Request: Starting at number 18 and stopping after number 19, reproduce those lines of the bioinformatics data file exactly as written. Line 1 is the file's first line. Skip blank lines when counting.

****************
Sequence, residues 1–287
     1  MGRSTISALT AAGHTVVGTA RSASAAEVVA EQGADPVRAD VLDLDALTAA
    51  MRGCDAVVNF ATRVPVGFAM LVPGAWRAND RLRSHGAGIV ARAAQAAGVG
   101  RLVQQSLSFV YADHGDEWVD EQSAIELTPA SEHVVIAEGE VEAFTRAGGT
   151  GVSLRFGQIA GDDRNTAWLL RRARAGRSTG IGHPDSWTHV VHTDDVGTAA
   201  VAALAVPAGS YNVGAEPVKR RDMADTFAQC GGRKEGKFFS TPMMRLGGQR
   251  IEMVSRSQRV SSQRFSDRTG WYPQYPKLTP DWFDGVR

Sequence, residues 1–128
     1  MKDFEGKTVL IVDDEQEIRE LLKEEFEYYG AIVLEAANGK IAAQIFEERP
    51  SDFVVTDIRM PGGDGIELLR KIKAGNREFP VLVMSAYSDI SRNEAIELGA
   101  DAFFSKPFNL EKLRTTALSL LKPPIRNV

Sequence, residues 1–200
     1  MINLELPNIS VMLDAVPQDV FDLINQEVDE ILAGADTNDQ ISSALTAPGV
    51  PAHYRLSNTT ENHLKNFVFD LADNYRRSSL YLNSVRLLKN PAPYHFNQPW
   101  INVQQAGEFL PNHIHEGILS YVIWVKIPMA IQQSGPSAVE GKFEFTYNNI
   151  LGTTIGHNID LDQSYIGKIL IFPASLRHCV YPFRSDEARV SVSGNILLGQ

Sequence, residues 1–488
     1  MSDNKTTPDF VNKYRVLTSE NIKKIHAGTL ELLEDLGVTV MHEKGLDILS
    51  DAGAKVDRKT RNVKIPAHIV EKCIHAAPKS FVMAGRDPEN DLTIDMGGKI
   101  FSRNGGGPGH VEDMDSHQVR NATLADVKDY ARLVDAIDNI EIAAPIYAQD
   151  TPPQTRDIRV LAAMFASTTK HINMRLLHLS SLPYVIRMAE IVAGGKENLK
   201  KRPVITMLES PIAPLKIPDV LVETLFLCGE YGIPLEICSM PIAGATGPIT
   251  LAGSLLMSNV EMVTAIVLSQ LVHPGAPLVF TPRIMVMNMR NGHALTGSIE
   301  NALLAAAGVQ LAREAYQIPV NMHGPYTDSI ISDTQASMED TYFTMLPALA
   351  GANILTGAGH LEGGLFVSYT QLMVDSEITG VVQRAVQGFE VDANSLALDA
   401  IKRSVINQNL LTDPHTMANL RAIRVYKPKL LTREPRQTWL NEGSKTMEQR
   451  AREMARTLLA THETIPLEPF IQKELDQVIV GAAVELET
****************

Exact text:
     1  MSDNKTTPDF VNKYRVLTSE NIKKIHAGTL ELLEDLGVTV MHEKGLDILS
    51  DAGAKVDRKT RNVKIPAHIV EKCIHAAPKS FVMAGRDPEN DLTIDMGGKI